The Durham Road certainly played a considerable part in the development of Grey and Bruce Counties and, with other settlement roads of that time, was a model for the ‘colonization roads” of the 1850’s and 1860’s, though more successful from the point of view of settlement than most of these later examples.

 

The Garafraxa Road

from Bruce County Historical Notes, Volume 44, No. 2, September 2002

(Note: The Garafraxa Road was an important colonization road for the Grey and Bruce area. The following article appeared in the London Free Press on Oct. 31, 1960.)

Let us make a journey up the Garafraxa Road through the Maitland Hills and Bentinck and Johntown to Sydenham. This pioneer expedition in the 1840s and 1850s occupied a full week.

Today the names are changed. Motor up Ontario Highway No. 6 through Mount Forest and Durham and Chatsworth to Owen Sound. The same 75 miles is now traversed in less than two hours.

The Garafraxa Road took its name from a township near Fergus where the survey was commenced in 1837. How the township got its name, no person is certain. Some say it is a corruption of sassafrax, a shrub that grew in the district; others believe it is from an Indian word meaning ‘the panther country’.

Charles Rankin surveyed the Garafraxa Road 123 years ago. It was opened to encourage settlement of the Queen’s Bush. This took in part of Wellington County and nearly all of Grey and Bruce Counties on Georgian Bay and Lake Huron.

In 1837 the Village of Fergus was on the northern fringe of civilization in this section of Upper Canada. Owen Sound, 75 miles to the north on Georgian Bay, had been discovered by water but was not yet settled by the white man.

Not until the 1850s was there much activity along this pioneer road. Wolves, bears, and even lynx were plentiful in the Queen’s Bush. However, families of hardy settlers with oxen plodded into the wilderness, spurred on by free grants of 50 acres.

Requirements for free land were that applicants be: 1st  — male; 2nd — over 18 years of age; 3rd — a subject of Queen Victoria.

After clearing 12 of the original 50 acres, settlers were entitled to buy the adjacent 50 acres at a nominal price.

When a family set out from the moderately advanced Village of Fergus in 1850 they had a narrow trail to guide them. The first overnight stop was at Wright’s Tavern in Arthur, 12 miles to the northwest.

Wright’s Tavern was a two-story log structure. In front a prominent sign featured a bottle and a glass with the slogan: ‘Here’s looking at you’!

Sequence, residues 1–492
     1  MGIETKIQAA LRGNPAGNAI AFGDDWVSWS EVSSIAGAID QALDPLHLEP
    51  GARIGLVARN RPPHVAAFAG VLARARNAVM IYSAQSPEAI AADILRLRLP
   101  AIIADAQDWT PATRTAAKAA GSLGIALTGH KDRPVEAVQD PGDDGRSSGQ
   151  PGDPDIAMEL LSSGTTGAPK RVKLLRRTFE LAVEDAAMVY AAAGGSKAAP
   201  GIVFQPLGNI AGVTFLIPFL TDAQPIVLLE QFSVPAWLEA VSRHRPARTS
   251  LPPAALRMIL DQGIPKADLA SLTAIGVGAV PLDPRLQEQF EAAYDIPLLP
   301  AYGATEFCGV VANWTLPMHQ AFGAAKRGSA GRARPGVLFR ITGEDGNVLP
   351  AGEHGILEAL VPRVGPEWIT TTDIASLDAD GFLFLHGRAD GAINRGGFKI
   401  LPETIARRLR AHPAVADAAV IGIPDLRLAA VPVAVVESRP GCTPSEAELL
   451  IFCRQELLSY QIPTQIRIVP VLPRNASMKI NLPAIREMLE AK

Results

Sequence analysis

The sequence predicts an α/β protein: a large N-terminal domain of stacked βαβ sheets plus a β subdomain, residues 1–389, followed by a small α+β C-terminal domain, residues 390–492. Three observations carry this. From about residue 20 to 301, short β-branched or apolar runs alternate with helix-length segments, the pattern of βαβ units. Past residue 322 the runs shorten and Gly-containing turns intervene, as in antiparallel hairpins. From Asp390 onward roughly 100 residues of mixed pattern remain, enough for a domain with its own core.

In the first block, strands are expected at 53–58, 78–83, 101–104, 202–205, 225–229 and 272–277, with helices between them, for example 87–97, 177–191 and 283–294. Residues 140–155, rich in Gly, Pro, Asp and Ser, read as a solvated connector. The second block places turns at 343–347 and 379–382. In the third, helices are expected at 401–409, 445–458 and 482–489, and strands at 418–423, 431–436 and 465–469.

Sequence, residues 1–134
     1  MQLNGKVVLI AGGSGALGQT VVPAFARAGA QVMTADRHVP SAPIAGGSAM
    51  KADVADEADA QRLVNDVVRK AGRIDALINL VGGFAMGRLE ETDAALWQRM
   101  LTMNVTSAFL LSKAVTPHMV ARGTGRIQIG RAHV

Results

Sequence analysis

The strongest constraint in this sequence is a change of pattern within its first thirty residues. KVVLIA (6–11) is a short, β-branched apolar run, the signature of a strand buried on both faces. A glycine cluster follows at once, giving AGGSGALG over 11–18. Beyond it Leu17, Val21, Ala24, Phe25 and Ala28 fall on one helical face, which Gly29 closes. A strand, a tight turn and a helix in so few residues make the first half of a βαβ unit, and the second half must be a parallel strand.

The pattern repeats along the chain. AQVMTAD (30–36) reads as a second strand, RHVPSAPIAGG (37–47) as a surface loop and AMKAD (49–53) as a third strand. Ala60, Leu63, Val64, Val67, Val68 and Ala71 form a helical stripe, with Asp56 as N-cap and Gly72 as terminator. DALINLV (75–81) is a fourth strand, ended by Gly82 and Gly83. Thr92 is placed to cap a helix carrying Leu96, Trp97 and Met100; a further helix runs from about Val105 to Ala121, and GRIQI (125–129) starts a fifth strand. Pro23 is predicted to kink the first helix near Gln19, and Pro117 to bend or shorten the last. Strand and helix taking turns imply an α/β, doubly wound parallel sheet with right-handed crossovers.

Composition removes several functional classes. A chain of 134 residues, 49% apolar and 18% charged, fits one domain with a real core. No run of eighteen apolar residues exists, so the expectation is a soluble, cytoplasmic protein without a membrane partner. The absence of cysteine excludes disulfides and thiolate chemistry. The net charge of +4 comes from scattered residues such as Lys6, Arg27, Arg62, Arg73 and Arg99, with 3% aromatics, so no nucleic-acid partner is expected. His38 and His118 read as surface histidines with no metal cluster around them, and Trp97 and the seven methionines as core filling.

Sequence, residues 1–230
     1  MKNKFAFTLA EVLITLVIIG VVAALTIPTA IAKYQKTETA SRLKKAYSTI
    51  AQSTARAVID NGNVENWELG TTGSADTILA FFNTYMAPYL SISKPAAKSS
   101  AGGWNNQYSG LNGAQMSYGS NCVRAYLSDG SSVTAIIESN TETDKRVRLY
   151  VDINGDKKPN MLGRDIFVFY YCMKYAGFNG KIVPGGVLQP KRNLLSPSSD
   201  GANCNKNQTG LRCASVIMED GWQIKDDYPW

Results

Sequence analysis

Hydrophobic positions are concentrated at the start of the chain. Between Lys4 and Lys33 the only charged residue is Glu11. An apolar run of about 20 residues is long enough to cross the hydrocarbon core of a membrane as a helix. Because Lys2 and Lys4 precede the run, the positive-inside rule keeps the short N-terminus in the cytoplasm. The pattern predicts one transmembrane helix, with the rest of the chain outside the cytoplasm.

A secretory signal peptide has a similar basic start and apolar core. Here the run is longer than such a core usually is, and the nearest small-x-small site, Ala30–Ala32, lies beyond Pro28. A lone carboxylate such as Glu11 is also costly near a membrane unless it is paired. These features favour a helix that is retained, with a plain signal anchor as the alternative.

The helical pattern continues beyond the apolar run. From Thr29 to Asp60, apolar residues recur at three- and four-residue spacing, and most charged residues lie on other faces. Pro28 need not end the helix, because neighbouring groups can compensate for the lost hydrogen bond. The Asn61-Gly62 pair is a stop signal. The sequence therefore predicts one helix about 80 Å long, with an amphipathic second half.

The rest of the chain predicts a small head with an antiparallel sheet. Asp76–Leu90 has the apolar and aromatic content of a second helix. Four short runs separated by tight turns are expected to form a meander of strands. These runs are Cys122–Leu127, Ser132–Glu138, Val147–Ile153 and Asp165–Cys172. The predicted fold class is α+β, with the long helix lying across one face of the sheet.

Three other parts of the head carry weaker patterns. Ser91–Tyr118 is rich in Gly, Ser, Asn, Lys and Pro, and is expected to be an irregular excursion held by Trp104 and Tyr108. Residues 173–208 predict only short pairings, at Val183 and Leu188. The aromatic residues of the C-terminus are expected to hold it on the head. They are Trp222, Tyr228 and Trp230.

Lodgers at Wright’s Tavern sat down to a dinner of roast wild duck, roast venison, fried potatoes, home made bread with butter, custard pie and steaming cups of hot coffee. Beer and whiskey were served at the bar.

After a night’s sleep at Arthur the settlers struggled northwest from Mount Forest across the ‘Long Swamp’. This boggy mile was built with logs to form a corduroy causeway. Time after time it sank out of sight and was labouriously rebuilt.

It was not uncommon for the corduroy road to be under a foot of water. Occasionally a struggling team of oxen slithered off the logs with their heavy wagon. The settlers, fighting to hold their own footing on the slippery causeway, could do little to save their beasts of burden or their possessions. Sometimes, unless ropes and help were available from other passing settlers, the oxen and wagon sank to their doom. Men who built the Garafraxa Road were paid 25 pounds (about $125) a mile to clear the right of way of logs and stumps. Through the Long Swamp the cost was from seven shillings and sixpence to 10 shillings per rod. A rod of causeway cost from $2 to $2.50. Thus it was six times as costly to build a corduroy road through a swamp as to clear a right of way over dry land.

One hundred and twenty years later the Province of Ontario spent $207,000 to rebuild seven miles from Mount Forest, plus $243,000 for an overpass at Bell’s Creek, plus another $150,000 for paving.

The seven miles that cost $1,375 to build in the 1840s cost $600,000 to rebuild in the 1950s.

However, to return to the settlers. After negotiating the dangerous Long Swamp the pioneers found rugged but solid ground to the next overnight stopping place — Bentinck, now the Town of Durham.

After fording the Saugine River (today spelled Saugeen), the oxen were goaded up a long steep hill to Hunter’s Inn. This frame structure was replaced in 1854 by a substantial stone building named the British Hotel.

During one particular week of a busy settlement summer the British Hotel in Durham provided food or accommodation to 2,000 travelers. In addition, the hotel served as a community-gathering place for quilting bees and dances.

Ten miles north of Durham was Dornoch, settled by John H. McIntosh, the Scot who introduced the first sheep and cattle into Grey County.

Another day’s journey carried the settlers to Johntown, now Chatsworth.

Oxen were more in demand than horses at that time. Before the day of the bulldozer and dynamite the most effective method of pulling out stumps was a team of oxen. Horses were too spirited for such work.

The demand for good teams of oxen led to cattle fairs. Each month these cattle sales were held on three successive days, the third Monday at Chatsworth, the third Tuesday at Durham, the third Wednesday at Mount Forest.

As the woods were cleared the slow-moving oxen were gradually replaced by horses. The cattle fairs declined and were replaced by fall fairs.

From Chatsworth it was another day’s journey by oxcart to Sydenham, now Owen Sound.

Opened as a settlement trail the Garafraxa Road was later taken into the county road system, the Grey section in 1858 and the Wellington County mileage in 1863.

In 1920 the 75 miles from Fergus to Owen Sound became part of Provincial Highway No 6.

Today, thousands of tourists speed along Highway 6. In summer the tourists are probably towing a motor boat to a cottage on Georgian Bay. In autumn a station wagon may be taking a party of hunters to the Bruce Peninsula or Manitoulin Island.

The vast majority of motorists today on Highway 6 are quite unaware they are travelling an historic road.

However, one motorist in a thousand may stop at a picturesque roadside picnic site three miles north of Durham at the Rocky Saugeen River. Here a plaque has been erected by the Ontario Historic Sites and Monuments Board. It commemorates the pioneers who plodded up the Garafraxa Road with a team of oxen and all their worldly possessions.